If you trust your voice, then you have a sense of security as a writer. You should want everything you put out there to be so good to you, that you don’t even care how loud the vipers hiss.

Finding your voice as a writer is hard.

That’s why there are so few classics. But…

“It’s supposed to be hard. If it wasn’t hard everybody would do it. The hard, is what makes it great.” -Jimmy Dugan, A League of Their Own, 1992.


If both of these activities are a breeze for you, then perhaps the personality portion of your writing voice is well developed at the moment.

If you struggle, then at least you know that the voice you seek is still muted, at least partially.

Writing Voice Activity #1: Career Tombstone

This first activity is meant to be written on your tombstone by someone that you admire. What’s the nicest thing they could say about you and your body of work in the end?

“Adam’s globally-celebrated, inspirational, timeless writing was infused with his signature electric, neon, salsa-dancing energy, and he did such incredible things for American Literature, that he was declared the President of Harvard University. And we are also going to be renaming the Washington Monument in his honor. From henceforth it shall be called: Adam’s Tower of Genius. It shall be painted like a pencil to honor his years in the classroom, crushing it.” -Michelle Obama

This is obviously a fictional pipe-dream as the only interaction that I’ve had with Michelle Obama was when she beautifully, nobly, and gracefully ruined school cafeteria pizza with wheat bread crust. But I get it, we have a lot of fat kids. I know, I was one of them.

But even if the destroyer of pizza said the above quote about me, I would be thrilled to have it on my tombstone. Or to brag about it on Facebook.

This activity shows you what is important to you in the end. It’s nice to know where you’re going. Or at least where you are trying to go.

A few more, for fun:

“I wish Adam Brandner would have been around to write motivational speeches for me. The truth is, Adam is more valuable than a Power Ranger, Leslie Knope, and Beyoncé combined when it comes to timeless American masterpieces.”-Abraham Lincoln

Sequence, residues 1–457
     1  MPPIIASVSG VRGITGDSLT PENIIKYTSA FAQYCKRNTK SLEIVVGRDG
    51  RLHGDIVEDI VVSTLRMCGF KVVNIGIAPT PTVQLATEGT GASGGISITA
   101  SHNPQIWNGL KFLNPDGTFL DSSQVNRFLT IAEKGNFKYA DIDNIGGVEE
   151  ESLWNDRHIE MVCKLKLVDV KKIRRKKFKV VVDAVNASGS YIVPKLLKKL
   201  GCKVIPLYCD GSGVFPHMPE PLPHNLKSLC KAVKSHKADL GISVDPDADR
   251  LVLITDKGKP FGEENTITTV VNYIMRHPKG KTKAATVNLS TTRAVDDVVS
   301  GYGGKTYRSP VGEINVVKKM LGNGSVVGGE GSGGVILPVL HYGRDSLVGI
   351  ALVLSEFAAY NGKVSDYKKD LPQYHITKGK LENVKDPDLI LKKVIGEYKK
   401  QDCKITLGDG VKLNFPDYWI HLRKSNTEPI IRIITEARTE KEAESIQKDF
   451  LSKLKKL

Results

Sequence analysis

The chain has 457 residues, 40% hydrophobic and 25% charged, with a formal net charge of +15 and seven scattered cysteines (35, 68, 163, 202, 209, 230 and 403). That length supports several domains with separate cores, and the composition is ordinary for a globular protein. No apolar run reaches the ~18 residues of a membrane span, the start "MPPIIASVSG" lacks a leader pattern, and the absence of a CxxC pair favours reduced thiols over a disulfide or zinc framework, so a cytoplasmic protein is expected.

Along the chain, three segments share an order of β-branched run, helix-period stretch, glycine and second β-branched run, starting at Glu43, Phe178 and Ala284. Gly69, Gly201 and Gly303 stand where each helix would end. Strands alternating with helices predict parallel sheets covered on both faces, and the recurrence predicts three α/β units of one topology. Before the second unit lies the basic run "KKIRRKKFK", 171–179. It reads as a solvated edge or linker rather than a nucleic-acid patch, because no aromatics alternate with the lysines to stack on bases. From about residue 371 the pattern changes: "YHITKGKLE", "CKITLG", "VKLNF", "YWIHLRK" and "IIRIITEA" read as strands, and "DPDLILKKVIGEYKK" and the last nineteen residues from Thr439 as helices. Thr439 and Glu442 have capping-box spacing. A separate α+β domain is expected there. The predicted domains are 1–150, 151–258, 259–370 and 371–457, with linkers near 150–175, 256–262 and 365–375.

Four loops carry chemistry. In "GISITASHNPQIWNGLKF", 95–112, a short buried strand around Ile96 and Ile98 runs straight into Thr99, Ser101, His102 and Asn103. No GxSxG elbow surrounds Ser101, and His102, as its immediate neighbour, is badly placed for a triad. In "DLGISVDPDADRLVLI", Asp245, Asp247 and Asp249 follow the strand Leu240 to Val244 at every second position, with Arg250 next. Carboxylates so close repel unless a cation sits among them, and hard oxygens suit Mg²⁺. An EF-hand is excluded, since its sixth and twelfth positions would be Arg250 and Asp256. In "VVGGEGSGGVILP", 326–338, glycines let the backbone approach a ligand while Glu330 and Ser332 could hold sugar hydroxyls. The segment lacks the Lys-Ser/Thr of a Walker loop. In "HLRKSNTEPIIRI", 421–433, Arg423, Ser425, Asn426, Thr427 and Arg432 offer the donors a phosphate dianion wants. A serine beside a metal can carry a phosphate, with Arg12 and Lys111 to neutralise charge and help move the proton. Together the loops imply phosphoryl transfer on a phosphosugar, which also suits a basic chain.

“A diva knows quality, Adam was excellent, and not chubby at all. Lin Manuel Miranda WHO??? William Shakespeare weeps a thousand jealous waterfalls when he reads Adam’s collective works.” -Miss Piggy

The Career Tombstone is a quick little exercise that is meant to show you where you ultimately want to go in your career. It reveals to me that I want respectable people to value me and to think my works are Beyoncé-esque, American classics. Good to know. With this knowledge, I can now begin to design the personality in my voice to harmonize with my career goals, both professionally and creatively.

Writing Voice Activity #2: Writer’s Voice Wish List 

If Oprah were to describe me as a writer in just a few words, what would I be honored for those words be?

  • Fresh
  • Innovative
  • Inspiring
  • Timeless (with a twist of lime)

I still have room to grow, Oprah, but if this is what I desire my writer’s voice to be, then it shall be so, even though it might take a little time and experience. Using my Career Tombstone and my Wish List, I can see a bit more clearly what kind of writer I value. #TennesseeWilliams. These activities are two bricks on the yellow brick road that is meant to guide you to your own career-version of the Emerald City. My Emerald City has free wi-fi, an abundance of rainbows, and all of the munchkins sing like Mariah Carey. Also, we have universal health care and no limits on how much Diet Dr. Pepper you can buy when it’s on sale at Van Til’s.

Alternative Activities (Kitchen Sink Moment)

If you tried my activities and still have absolutely no idea how to acquire understanding and command of your personality as a writer, here are a few other things that helped me to put my personality on the page.


Acting classes, specifically improvisation classes, offer you a chance to dissect your personality as well as gain emotional intelligence. In acting classes, you get to experiment with the voices of others, which is useful for a writer. Acting could help to illuminate your own voice along the way. And you get to do spit takes!

Stand-up Comedy

Write five minutes of stand-up comedy to expose your core sense of humor. Are you a punch line writer, like Jerry Seinfeld? Or a narrative comedian, like Kathy Griffin? Or kooky, like Maria Bamford? Maria has an incredibly unique personality, by the way, if you need to see an inspirational, unique example of voice. #TargetLady

Memory Lane

Revisit old photos, yearbooks, or Facebook memories to remember the history of your friendships, professional life, mental state, and maturity. Analyze your growth.


We’ve tinkered with personality here, but don’t forget about the significant role that life experiences play when developing your voice. My next paper will dive deeper into life experiences. Have the courage to really look in the mirror and learn from your past triumphs and failures, especially the $50,000 failures. I know that can be a nightmare before Christmas, but remember, your past was just a lesson, not a life sentence.

Design your voice to harmonize with where you want to go as a writer, both professionally and creatively. If you can infuse your unique personality and life experiences into your creative ideas, then I believe that you will have a voice that can confidently shake off the Glamberts. You will also have the tools necessary to write an American classic. #SpaceJam

As always, thanks for reading, Mom.

Works Cited

Brits, Leona. “Writer’s Voice: What It Is and How to Find Yours.” The Writing Cooperative. July 2, 2018. Journal.